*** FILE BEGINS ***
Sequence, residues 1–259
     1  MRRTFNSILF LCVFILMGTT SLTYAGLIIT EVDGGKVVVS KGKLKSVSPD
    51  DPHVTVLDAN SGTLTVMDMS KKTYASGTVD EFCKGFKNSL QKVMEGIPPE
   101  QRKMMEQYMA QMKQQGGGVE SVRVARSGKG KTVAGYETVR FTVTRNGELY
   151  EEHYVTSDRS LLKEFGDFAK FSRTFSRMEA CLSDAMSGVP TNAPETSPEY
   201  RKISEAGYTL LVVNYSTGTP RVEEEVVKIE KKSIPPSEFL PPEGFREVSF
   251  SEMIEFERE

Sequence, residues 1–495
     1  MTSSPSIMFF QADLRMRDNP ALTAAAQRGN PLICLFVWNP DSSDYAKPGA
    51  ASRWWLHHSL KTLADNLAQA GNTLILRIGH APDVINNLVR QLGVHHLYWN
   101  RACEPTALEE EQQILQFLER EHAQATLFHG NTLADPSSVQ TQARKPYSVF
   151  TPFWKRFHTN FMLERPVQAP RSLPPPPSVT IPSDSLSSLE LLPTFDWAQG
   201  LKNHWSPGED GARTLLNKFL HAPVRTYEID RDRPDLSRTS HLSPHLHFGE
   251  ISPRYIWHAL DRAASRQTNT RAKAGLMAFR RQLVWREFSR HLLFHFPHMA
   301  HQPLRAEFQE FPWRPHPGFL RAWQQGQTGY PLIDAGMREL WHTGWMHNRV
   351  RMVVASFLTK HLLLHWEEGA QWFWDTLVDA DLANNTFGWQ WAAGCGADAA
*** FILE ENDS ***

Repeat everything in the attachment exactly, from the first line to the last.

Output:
Sequence, residues 1–259
     1  MRRTFNSILF LCVFILMGTT SLTYAGLIIT EVDGGKVVVS KGKLKSVSPD
    51  DPHVTVLDAN SGTLTVMDMS KKTYASGTVD EFCKGFKNSL QKVMEGIPPE
   101  QRKMMEQYMA QMKQQGGGVE SVRVARSGKG KTVAGYETVR FTVTRNGELY
   151  EEHYVTSDRS LLKEFGDFAK FSRTFSRMEA CLSDAMSGVP TNAPETSPEY
   201  RKISEAGYTL LVVNYSTGTP RVEEEVVKIE KKSIPPSEFL PPEGFREVSF
   251  SEMIEFERE

Sequence, residues 1–495
     1  MTSSPSIMFF QADLRMRDNP ALTAAAQRGN PLICLFVWNP DSSDYAKPGA
    51  ASRWWLHHSL KTLADNLAQA GNTLILRIGH APDVINNLVR QLGVHHLYWN
   101  RACEPTALEE EQQILQFLER EHAQATLFHG NTLADPSSVQ TQARKPYSVF
   151  TPFWKRFHTN FMLERPVQAP RSLPPPPSVT IPSDSLSSLE LLPTFDWAQG
   201  LKNHWSPGED GARTLLNKFL HAPVRTYEID RDRPDLSRTS HLSPHLHFGE
   251  ISPRYIWHAL DRAASRQTNT RAKAGLMAFR RQLVWREFSR HLLFHFPHMA
   301  HQPLRAEFQE FPWRPHPGFL RAWQQGQTGY PLIDAGMREL WHTGWMHNRV
   351  RMVVASFLTK HLLLHWEEGA QWFWDTLVDA DLANNTFGWQ WAAGCGADAA